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Sermon for April 14, 2024 – Third Sunday in Easter

Welcome to this week’s episode, a special rerun from our Speaking of Life archive. We hope you find its timeless message as meaningful today as it was when it was first shared.

Program Transcript

Speaking Of Life 3021 | Jesus Goes Viral
Jeff Broadnax

Have you ever seen a video that moved you so much or made you laugh so hard that you just had to share it with someone else? If so, you may have participated in making that video “go viral.”

When a video “goes viral” it spreads exponentially with little effort or expense. This is a dream come true for advertisers or artists. In fact, many try to produce this phenomenon by implementing various strategies or tactics but there is no sure way of guaranteeing a video will “go viral.” It only happens when the video connects with people in a significant way and it is shared.  A particularly moving video can get shared around the globe and viewed by millions in a very short time.

We could say this is similar to how the Gospel gets spread around the world. It’s not that someone came up with some brilliant marketing strategy–or perhaps some ONE did–but rather it happens when a person has seen and been moved by Jesus. That personal encounter, I call those divine appointments, leads to a natural sharing of the Good News of who Jesus is and what he has done. Like seeing that amazing video, seeing Jesus compels us to share with others in hope that they too will see Jesus. He’s just too good not to share.

Unlike a video that goes viral, seeing Jesus is not a short-lived experience. It’s a lifelong relationship of seeing and coming to know him and his Father by the Spirit, day in and day out. The more we turn to him and come to see and know him the more our witness of him will naturally flow out of us. We won’t need any fancy marketing campaigns. We will just tell that epic story as we experienced it.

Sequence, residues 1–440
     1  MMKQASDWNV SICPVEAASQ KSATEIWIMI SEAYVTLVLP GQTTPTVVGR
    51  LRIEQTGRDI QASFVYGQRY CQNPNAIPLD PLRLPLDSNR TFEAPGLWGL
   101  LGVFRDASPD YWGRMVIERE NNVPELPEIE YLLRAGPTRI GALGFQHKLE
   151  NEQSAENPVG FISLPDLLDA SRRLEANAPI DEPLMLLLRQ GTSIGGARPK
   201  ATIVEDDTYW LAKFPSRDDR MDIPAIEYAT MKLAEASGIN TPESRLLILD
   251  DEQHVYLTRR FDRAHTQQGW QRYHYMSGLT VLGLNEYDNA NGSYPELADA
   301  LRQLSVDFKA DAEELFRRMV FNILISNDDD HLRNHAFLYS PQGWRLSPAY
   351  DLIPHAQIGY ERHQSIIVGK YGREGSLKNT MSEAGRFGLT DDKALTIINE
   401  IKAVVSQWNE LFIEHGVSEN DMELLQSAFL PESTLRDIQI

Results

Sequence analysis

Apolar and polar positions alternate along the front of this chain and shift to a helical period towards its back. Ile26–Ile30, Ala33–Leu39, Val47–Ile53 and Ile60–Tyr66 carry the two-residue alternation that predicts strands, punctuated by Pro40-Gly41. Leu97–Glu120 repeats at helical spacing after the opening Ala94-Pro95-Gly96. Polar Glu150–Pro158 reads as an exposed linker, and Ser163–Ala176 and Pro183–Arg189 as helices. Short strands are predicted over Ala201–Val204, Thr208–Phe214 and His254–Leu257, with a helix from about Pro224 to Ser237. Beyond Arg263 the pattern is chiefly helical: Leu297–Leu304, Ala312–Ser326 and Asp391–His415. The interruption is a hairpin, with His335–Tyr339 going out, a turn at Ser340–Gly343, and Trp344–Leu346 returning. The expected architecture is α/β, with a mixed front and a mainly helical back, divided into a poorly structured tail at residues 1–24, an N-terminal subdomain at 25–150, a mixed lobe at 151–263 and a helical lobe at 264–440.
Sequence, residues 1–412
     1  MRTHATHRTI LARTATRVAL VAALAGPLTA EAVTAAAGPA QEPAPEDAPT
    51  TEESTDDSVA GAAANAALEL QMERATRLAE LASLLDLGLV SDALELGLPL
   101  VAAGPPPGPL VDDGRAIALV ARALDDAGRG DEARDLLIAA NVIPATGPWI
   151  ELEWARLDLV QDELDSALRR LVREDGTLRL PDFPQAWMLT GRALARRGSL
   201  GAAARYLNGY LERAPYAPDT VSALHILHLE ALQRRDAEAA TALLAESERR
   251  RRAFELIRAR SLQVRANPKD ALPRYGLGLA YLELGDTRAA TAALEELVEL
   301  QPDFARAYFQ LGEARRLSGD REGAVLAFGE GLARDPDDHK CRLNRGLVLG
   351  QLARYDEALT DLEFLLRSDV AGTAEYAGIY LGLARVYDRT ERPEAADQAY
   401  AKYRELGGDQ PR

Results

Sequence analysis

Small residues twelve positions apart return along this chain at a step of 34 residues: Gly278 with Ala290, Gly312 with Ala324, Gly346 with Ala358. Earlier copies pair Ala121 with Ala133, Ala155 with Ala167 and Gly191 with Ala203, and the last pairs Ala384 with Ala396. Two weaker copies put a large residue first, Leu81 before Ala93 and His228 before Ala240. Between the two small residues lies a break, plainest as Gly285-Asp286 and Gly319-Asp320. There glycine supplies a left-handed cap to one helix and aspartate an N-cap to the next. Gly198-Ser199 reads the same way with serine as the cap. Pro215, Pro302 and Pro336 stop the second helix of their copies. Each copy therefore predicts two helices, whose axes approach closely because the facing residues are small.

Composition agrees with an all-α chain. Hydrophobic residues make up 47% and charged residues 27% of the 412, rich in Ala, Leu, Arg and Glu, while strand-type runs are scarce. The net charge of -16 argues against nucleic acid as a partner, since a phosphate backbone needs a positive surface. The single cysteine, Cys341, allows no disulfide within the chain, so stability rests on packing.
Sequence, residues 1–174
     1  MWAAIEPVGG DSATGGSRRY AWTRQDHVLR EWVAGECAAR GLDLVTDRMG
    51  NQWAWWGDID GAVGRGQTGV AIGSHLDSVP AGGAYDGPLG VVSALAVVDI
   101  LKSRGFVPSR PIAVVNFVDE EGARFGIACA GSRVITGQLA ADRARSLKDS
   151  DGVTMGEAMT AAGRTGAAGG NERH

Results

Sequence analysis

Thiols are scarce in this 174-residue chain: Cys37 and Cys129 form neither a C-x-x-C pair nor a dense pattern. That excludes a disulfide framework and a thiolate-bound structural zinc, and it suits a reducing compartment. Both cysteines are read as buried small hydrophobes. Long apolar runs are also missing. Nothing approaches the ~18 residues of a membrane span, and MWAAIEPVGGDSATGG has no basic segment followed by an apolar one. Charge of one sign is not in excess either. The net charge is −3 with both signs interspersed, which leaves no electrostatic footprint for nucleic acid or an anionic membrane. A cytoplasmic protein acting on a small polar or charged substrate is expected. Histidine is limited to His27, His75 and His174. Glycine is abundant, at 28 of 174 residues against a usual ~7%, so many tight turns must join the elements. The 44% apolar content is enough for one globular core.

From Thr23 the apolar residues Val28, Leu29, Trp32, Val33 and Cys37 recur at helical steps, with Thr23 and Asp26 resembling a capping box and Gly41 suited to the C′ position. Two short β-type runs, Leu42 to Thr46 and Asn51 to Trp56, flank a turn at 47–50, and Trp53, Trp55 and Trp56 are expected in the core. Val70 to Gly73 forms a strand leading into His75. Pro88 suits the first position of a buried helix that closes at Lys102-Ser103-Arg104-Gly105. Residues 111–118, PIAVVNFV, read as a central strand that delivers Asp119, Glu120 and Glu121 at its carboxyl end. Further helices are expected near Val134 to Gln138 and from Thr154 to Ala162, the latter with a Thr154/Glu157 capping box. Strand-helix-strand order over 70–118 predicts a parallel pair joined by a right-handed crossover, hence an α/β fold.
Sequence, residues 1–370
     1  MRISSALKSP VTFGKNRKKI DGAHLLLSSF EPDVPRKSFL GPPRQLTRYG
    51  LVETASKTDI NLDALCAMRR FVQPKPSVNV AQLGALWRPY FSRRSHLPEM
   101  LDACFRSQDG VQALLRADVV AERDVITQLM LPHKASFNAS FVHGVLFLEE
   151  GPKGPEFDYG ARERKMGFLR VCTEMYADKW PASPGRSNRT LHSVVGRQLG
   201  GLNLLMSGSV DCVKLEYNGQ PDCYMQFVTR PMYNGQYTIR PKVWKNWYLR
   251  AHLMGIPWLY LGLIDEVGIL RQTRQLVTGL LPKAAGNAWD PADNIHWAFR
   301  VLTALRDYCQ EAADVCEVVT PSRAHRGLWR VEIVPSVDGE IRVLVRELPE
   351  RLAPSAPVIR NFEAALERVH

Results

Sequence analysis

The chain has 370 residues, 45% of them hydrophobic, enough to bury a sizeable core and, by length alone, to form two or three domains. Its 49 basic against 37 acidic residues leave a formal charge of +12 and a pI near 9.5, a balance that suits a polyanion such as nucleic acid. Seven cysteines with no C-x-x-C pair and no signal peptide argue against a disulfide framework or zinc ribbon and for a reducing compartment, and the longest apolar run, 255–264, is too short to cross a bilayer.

Listen to the interplay between experiencing God personally and witnessing to him publicly in this Psalm:

Answer me when I call to you, my righteous God.
Give me relief from my distress; have mercy on me and hear my prayer.
How long will you people turn my glory into shame?
How long will you love delusions and seek false gods?
Know that the Lord has set apart his faithful servant for himself; the Lord hears when I call to him.
Tremble and do not sin; when you are on your beds, search your hearts and be silent. Offer the sacrifices of the righteous and trust in the Lord.

Many, Lord, are asking, “Who will bring us prosperity?”
Let the light of your face shine on us.
Fill my heart with joy
when their grain and new wine abound.

In peace I will lie down and sleep,
for you alone, Lord,
make me dwell in safety.

Psalm 4:1-8

When we see Jesus, we will also see that Jesus is the true Witness in the World. He has known the Father for all eternity and knows just how good he is. Since Jesus sees the Father, he is compelled to share him with us.

We could say that Jesus is the Someone who shared the “visual” of his relationship with the Father. Let’s celebrate the One who shines the light and love of the Father and join in on Jesus going viral.

I’m Jeff Broadnax, Speaking of Life.

Psalm 4:1-8 • Acts 3:12-19 • 1 John 3:1-7 • Luke 24:36b-48

This week’s theme is new identity, new power. In our call to worship psalm, we are reminded that we can rest in peace knowing that the Lord hears us when we call. The reading from Acts recounts Peter reminding others that healing power only comes from Christ.  Our epistolary text from 1 John explores the implications of our identity as children of God. The Gospel text in Luke records the startling appearance of Jesus, who confronts the disciples with the reality of his resurrection and charges them to be his witnesses to all nations.

Being Who You Are

1 John 3:1-7 ESV